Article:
When I recently asked a room full of people “What is the difference between Acceptance Criteria and Conditions of Satisfaction?”, I expected definitions to be agreed pretty quickly. After all, this was the opening gambit to take us on to the deeper discussion of their respective values and best approaches for implementation.
Turns out, it’s not a simple question.
The room contained a mix of experienced practitioners and those less experienced, but the understanding of these two terms varied and each of the three groups found it difficult to find consensus. One group proposed that acceptance criteria were specific tests that the team ran to ensure that a work item did what it should, another thought they were requirements that fed into the story, whilst another thought they were rough ideas relating to the work item. Quite a few people had not heard the term Conditions of Satisfaction.
Although I’m not the oracle on the terms, these are my definitions:
Conditions of Satisfaction (aka CoS) will usually be given by the Product Owner when a work item is presented to the team, and help describe what the user wants. The high-level rules that apply.
Acceptance criteria, although based on the story and CoS, are usually generated by the team to describe factors that would cause a test to pass (BDD scenarios would be an example of these).
For the user story “As a reader of the blog, I want to be able to leave comments, so that I can join in the conversation about the topic“, examples could be:
Conditions of satisfaction:
- Author doesn’t need to approve comments
- Given that I am reading an individual blog post
- And I am logged in
- When I leave a comment
- Then it should be immediately visible against the blog post
Having done a bit more research, it appears the group’s lack of clarity is unsurprising: even the agile gurus out there aren’t clear.
Mike Cohn seems to be a main proponent of Conditions of Satisfaction. In his book, Agile Estimating and Planning, he describes CoS as “additional objectives” and “high-level tests about each feature”. For a user story of “As a user, I want to be able to cancel a reservation” he suggests the following CoS:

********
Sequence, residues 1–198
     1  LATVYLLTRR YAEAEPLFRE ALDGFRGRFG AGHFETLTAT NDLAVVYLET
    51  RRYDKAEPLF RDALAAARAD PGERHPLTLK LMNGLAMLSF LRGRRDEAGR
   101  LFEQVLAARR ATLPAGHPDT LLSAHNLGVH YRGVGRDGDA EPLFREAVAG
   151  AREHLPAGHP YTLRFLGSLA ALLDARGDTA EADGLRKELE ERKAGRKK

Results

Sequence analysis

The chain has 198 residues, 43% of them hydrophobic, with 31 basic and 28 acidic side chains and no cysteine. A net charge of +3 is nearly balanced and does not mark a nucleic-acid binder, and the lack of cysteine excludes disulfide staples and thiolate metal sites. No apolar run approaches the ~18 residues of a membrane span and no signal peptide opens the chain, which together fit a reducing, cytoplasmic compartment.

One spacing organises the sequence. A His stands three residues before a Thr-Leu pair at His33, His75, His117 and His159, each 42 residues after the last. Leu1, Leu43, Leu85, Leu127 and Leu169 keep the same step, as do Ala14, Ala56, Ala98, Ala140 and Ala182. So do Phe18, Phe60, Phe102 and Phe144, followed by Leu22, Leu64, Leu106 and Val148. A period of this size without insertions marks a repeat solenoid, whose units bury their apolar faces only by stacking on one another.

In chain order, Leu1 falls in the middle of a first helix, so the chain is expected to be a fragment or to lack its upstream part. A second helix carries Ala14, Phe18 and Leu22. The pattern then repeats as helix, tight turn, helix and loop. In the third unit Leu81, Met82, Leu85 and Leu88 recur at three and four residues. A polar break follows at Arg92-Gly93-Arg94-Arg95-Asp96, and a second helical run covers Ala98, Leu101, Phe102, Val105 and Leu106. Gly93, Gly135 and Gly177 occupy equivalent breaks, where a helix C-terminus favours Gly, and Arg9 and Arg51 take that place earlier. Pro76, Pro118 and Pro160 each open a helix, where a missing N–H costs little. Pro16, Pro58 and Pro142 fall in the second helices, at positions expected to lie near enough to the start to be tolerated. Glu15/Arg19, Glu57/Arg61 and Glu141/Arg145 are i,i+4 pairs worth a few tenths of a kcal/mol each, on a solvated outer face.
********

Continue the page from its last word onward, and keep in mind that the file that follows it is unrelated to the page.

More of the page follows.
- A user who cancels more than 24 hours in advance gets a complete refund
- A user who cancels less than 24 hours in advance is refunded all but a $25 cancellation fee
- A cancellation code is displayed on the site and is emailed to the user
However, when I spoke to Mike about this topic a couple of years ago, he said “we can use Conditions of Satisfaction and Acceptance Criteria interchangeably.” He went on to explain that he has experienced problems when using the term Acceptance Criteria because people often refer him to the testers, whereas “by calling them something different – something that makes the person hearing it stop and reflect for a second – I find we have a better conversation”. Although he didn’t disagree with my definitions, I also never got clarity from him of what he saw as the real differences.
So I’m going to stick with my definitions until someone persuades me otherwise. You are welcome to come along with me or choose alternative definitions. But whatever you do, don’t assume that everyone else on your team thinks like you because they probably have a completely idea of what the terms mean.
Photo credit: Davide Guglielmo
The Innovation Revelation: A story about how to satisfy customer needs.
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